53. 53.
    Zhan BZ, White MA, Sham TK et al (2003) Zeolite-confined nano-RuO2: a green, selective, and efficient catalyst for aerobic alcohol oxidation. J Am Chem Soc 125:2195–2199CrossRefGoogle Scholar
  54. 54.
    Mori K, Kanai S, Hara T et al (2007) Development of ruthenium-hydroxyapatite-encapsulated superparamagnetic γ-Fe2O3 nanocrystallites as an efficient oxidation catalyst by molecular oxygen. Chem Mater 19:1249–1256CrossRefGoogle Scholar
  55. 55.
    Yang X, Wang X, Qiu J (2010) Aerobic oxidation of alcohols over carbon nanotube-supported Ru catalysts assembled at the interfaces of emulsion droplets. Appl Catal A: Gen 382:131–137CrossRefGoogle Scholar
  56. 56.
    Makgwane PR, Ray SS (2013) Nanosized ruthenium particles decorated carbon nanofibers as active catalysts for the oxidation of p-cymene by molecular oxygen. J Mol Catal A 373:1–11CrossRefGoogle Scholar
  57. 57.
    Das P, Aggarwal N, Guha NR (2013) Solid supported Ru(0) nanoparticles: an efficient ligand-free heterogeneous catalyst for aerobic oxidation of benzylic and allylic alcohol to carbonyl. Tetrahedron Lett 54:2924–2928CrossRefGoogle Scholar
  58. 58.
    Chakroune N, Viau G, Ammar S et al (2005) Acetate- and thiol-capped monodisperse ruthenium nanoparticles: XPS, XAS, and HRTEM studies. Langmuir 21:6788–6796CrossRefGoogle Scholar
  59. 59.
    Gopinath K, Karthika V, Gowri S et al (2014) Antibacterial activity of ruthenium nanoparticles synthesized using Gloriosa superba L. leaf extract. J Nanostruct Chem 4:83CrossRefGoogle Scholar
  60. 60.
    Yan X, Liu H, Liew KY (2001) Size control of polymer-stabilized ruthenium nanoparticles by polyol reduction. J Mater Chem 11:3387–3391CrossRefGoogle Scholar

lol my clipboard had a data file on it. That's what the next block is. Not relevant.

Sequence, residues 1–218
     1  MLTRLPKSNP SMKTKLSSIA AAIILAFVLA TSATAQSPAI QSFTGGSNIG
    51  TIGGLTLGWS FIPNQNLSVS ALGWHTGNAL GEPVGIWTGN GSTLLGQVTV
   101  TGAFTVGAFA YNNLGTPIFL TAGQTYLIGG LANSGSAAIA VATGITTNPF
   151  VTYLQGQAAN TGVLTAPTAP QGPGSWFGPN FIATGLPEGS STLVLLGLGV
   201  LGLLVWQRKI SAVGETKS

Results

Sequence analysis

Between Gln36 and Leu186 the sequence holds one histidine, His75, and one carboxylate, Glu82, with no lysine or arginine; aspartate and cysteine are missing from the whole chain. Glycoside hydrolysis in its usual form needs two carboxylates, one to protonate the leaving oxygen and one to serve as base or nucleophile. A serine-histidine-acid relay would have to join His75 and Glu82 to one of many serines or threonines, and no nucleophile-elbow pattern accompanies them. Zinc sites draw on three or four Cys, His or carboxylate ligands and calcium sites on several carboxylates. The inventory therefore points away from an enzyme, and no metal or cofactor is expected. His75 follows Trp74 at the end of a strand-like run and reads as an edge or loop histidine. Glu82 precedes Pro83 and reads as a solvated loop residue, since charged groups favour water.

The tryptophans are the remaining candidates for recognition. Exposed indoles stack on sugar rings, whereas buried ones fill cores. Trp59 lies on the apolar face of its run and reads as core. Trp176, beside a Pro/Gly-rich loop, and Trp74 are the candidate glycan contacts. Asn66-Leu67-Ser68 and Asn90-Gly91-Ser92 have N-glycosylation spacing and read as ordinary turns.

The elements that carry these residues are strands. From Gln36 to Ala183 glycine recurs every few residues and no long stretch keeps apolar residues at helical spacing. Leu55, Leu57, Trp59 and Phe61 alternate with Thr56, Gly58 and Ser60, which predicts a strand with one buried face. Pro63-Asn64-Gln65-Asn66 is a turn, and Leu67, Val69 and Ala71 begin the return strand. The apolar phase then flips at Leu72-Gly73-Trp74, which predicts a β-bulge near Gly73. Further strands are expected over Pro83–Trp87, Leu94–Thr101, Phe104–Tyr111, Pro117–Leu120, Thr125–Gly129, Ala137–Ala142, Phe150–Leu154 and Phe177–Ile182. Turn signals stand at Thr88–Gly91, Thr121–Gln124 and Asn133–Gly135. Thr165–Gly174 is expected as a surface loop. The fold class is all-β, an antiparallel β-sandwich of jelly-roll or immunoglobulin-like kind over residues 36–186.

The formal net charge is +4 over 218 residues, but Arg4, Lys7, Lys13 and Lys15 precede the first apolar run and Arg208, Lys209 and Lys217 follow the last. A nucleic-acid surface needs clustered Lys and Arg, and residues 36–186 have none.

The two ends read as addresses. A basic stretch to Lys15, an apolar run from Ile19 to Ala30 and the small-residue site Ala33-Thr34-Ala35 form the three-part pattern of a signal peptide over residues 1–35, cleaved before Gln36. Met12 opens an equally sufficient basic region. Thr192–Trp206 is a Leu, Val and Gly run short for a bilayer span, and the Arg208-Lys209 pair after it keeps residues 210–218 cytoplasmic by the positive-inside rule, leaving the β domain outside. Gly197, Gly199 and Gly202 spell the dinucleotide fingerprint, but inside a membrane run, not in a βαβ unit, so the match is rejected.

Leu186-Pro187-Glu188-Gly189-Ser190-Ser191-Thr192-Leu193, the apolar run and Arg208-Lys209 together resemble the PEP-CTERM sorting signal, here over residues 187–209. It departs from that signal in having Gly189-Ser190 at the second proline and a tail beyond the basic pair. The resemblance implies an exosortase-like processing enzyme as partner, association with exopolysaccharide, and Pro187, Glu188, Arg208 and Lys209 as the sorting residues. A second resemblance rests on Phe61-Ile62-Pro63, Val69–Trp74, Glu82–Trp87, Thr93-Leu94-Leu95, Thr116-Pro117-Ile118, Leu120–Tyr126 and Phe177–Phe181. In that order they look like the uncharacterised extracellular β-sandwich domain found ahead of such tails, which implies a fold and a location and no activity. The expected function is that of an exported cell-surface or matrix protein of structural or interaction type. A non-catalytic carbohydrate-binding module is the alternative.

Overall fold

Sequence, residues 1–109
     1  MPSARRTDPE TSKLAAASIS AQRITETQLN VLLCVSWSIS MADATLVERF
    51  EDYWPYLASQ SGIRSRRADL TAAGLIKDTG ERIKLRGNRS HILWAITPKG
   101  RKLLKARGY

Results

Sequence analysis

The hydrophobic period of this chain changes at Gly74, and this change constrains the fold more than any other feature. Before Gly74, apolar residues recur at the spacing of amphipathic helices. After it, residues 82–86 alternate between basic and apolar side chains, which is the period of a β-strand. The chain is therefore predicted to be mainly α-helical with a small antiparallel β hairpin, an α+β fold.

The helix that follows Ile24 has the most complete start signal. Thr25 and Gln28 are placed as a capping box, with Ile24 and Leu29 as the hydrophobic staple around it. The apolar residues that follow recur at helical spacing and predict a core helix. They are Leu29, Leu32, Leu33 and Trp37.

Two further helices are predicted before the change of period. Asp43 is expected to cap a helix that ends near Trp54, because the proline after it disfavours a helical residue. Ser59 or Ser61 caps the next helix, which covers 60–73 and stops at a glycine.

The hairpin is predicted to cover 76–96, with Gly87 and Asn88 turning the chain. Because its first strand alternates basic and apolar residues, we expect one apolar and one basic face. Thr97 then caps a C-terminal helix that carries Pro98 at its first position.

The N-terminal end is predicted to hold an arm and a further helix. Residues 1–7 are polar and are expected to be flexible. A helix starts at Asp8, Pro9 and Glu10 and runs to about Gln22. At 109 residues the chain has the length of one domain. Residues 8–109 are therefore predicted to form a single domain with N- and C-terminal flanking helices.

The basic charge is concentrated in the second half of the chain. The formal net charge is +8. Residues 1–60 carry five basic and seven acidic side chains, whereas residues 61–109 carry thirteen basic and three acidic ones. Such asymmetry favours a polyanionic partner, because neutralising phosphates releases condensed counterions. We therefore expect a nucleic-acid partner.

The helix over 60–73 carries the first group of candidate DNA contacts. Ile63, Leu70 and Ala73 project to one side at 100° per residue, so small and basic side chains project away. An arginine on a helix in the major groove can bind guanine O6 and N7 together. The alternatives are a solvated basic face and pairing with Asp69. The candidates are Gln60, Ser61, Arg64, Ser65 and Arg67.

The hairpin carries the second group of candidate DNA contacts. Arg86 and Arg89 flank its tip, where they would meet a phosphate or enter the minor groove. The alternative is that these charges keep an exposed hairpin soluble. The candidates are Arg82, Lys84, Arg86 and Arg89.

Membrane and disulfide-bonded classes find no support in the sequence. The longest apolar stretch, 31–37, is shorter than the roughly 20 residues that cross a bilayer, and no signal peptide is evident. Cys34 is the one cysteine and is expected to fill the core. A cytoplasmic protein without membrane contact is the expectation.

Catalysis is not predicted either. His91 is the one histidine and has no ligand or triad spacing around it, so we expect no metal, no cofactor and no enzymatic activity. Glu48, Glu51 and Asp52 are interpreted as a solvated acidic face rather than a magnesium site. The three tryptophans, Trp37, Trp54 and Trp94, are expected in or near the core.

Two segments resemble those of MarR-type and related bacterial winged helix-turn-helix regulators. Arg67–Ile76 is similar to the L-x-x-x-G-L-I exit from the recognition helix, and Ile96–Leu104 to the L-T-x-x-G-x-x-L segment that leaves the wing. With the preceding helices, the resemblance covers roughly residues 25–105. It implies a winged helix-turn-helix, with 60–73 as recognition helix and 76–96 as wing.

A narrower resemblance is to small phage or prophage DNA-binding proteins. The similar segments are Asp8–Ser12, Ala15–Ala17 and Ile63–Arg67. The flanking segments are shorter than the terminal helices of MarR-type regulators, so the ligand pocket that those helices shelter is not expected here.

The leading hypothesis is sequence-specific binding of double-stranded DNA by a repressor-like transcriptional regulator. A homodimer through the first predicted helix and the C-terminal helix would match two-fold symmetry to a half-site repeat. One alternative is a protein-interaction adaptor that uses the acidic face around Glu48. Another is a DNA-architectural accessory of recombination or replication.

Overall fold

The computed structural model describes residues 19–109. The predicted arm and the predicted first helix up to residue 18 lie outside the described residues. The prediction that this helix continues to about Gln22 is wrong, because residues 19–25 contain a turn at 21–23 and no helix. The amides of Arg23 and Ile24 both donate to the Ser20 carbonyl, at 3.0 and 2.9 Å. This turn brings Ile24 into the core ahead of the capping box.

61. 61.
    Hakeem A, Duan R, Zahid F et al (2014) Dual stimuli-responsive nano-vehicle for controlled drug delivery: mesoporous silica nanoparticles end-capped with natural chitosan. Chem Commun 50:13268–13271CrossRefGoogle Scholar
  62. 62.
    van der Waal JC, van Bekkum H Rigutto MS (1998) Zeolite titanium beta as a selective catalyst in the epoxidation of bulky alkenes. Appl Catal A 167:331–342CrossRefGoogle Scholar
  63. 63.
    Moosavifar M, Tangestaninejad S, Moghadam M et al (2013) Host (nanocavity of zeolite Y)-guest (ruthenium(III) salophen complex)nanocomposite materials: An efficient and reusable catalyst for shape-selectiveepoxidation of linear alkenes with sodium periodate. J Mol Catal A: Chem 377:92–101CrossRefGoogle Scholar
  64. 64.
    Hatefi M, Moghadam M, Sheikhshoaei I et al (2009) Ru(salophen)Cl supported on polystyrene-bound imidazole: An efficient and robust heterogeneous catalyst for epoxidation of alkenes with sodium periodate. Appl Catal A: Gen 370:66–71CrossRefGoogle Scholar
  65. 65.
    Hatefi M, Moghadam M, Mirkhani V et al (2010) Silica supported Ru(salophen)Cl: An efficient and robust heterogeneous catalyst for epoxidation of alkenes with sodium periodate. Polyhedron 29:2953–2958CrossRefGoogle Scholar
  66. 66.
    Moghadam M, Mirkhani V, Tangestaninejad S et al (2011) Highly efficient epoxidation of alkenes with sodium periodate catalyzed by reusable polystyrene-bound ruthenium(III) salophen. J Iran Chem Soc 8:1019–1029CrossRefGoogle Scholar
  67. 67.
    Sakthivel A, Zhao J, Raudaschl–Sieber G et al (2005) Heterogenization of chiral molybdenum(VI) dioxo complexes on mesoporous materials and their application in catalysis. Appl Catal A: Gen 281:267–273CrossRefGoogle Scholar
  68. 68.
    Cox PA, Goodenough JB, Tavener PJ, et al (1986) The electronic structure of Bi2−xGdxRu2O7 and RuO2: a study by electron spectroscopy. J Solid State Chem 62:360–3‎‏70CrossRefGoogle Scholar
  69. 69.
    Sánchez-Mendieta V, Morales-Luckie RA, García-Tobón P et al (2008) An aqueous-phase synthetic route for ruthenium nanoparticles in cellulose nitrate fibers. Mater Lett 62:2063–2066CrossRefGoogle Scholar
  70. 70.
    Wagner CD, Muilenberg GE, Riggs WM et al (1979) Handbook of x-ray photoelectron spectroscopy; physical electronic division, vol 55. Perkin-Elmer WalthamGoogle Scholar
  71. 71.
    Yang J, Deivaraj TC, Too HP et al (2004) Acetate stabilization of metal nanoparticles and its role in the preparation of metal nanoparticles in ethylene glycol. Langmuir 20:4241–4245CrossRefGoogle Scholar

Copyright information

© Springer Science+Business Media, LLC, part of Springer Nature 2018

Authors and Affiliations

  1. 1.Department of Chemistry, Catalysis DivisionUniversity of IsfahanIsfahanIran

Personalised recommendations